"Third, for those of you who are going into business, or into political life, or into communications, we need help in explaining all of these breakthroughs so that they are practical and they make sense.

"40 years ago C.P. Snow, a British physicist, described the two cultures. He said that the world of science speaks one language, and the world of literature and art speaks another language, and they don't talk with each other, and the result is that all too often, with only a handful of exceptions, if you truly are interested in science you probably aren't very articulate on the Today Show, and if you're really articulate on the Today show, you probably don't know what you're talking about scientifically. And the result is that we have a hard time talking with ourselves about the extraordinary opportunities that are available. About the kind of twenty-first century that we could build. And it's vital that you learn to do that because I believe that the twenty-first century, more than the twentieth century, will be the century of science, progress and prosperity. I believe, on the famous S' curve of learning, we're only beginning to start up the side of the S' and in fact the amount we learn in the next thirty years will far surpass what we've learned in the last 150.

"And so we need an ability just to talk with ourselves as a people, to learn what it means, to apply it to our own lives, to change our institutions."

Last week, The Washington Post reported on Gingrich's goal of doubling the federal science budget. The speech he gave above was one of several commencement speeches. In the Post article, other Gingrich quotations were provided, among them:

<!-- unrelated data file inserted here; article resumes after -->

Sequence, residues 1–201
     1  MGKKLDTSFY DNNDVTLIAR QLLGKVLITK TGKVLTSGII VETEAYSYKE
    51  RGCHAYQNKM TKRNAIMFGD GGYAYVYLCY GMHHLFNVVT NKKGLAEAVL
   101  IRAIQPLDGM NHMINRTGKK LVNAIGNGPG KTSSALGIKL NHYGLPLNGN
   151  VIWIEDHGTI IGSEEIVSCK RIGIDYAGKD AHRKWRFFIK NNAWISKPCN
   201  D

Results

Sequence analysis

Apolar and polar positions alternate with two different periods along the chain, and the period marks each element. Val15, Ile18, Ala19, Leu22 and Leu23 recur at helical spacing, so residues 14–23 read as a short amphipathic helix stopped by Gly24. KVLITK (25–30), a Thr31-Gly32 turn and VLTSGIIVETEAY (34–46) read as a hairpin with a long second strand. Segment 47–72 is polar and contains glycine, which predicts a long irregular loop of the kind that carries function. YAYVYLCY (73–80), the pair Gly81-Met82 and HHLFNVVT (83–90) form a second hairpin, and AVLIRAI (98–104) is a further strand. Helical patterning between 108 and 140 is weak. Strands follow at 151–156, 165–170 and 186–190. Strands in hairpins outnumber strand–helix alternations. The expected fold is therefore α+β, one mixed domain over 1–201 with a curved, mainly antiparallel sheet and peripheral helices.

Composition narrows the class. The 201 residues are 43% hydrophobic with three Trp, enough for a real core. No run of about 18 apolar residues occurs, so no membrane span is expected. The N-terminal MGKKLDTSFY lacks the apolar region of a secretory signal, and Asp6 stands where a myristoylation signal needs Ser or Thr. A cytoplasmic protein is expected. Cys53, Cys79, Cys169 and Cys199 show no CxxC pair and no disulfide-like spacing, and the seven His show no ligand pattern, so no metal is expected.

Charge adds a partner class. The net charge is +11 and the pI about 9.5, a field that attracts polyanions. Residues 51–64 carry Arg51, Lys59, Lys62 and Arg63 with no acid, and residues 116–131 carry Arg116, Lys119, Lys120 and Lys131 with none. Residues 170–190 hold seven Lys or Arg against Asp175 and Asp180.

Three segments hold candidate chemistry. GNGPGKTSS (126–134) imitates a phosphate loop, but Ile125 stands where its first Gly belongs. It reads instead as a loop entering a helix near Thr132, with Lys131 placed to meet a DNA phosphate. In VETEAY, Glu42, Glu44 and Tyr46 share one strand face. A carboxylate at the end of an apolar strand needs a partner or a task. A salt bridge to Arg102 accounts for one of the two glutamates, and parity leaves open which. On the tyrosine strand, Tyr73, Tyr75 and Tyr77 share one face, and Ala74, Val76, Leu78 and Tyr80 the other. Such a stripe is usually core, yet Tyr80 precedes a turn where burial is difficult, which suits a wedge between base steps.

"Investing in our future ought to be our second-highest priority after winning the war on drugs, and we should shape our appropriations bills accordingly." He later said, "I'm for cutting Washington bureaucracy, and I'm also in favor of shrinking social programs."

House Appropriations Chairman Bob Livingston (R-LA) was quoted in this same article, saying, "The fact is the caps keep us at $2 billion below last year in overall spending, so we're having to reduce most of our budget. But an emphasis on science, at the request of the speaker, means that science is going up."

It has apparently not taken long for the Speaker's sentiments to be realized. On Tuesday, June 24, the House Labor-HHS Appropriations Subcommittee marked up its FY 1999 spending bill. The legislation provides a 9% increase for the National Institutes of Health. The bill, whose over-all spending level is essentially frozen, eliminates two social programs (summer jobs and home heating assistance for the poor), and does not fund other Clinton Administration initiatives. Livingston cited the failure of the tobacco settlement legislation in explaining the bill's provisions. Yesterday, President Clinton said he would veto the bill because it "shortchanges the future of our children."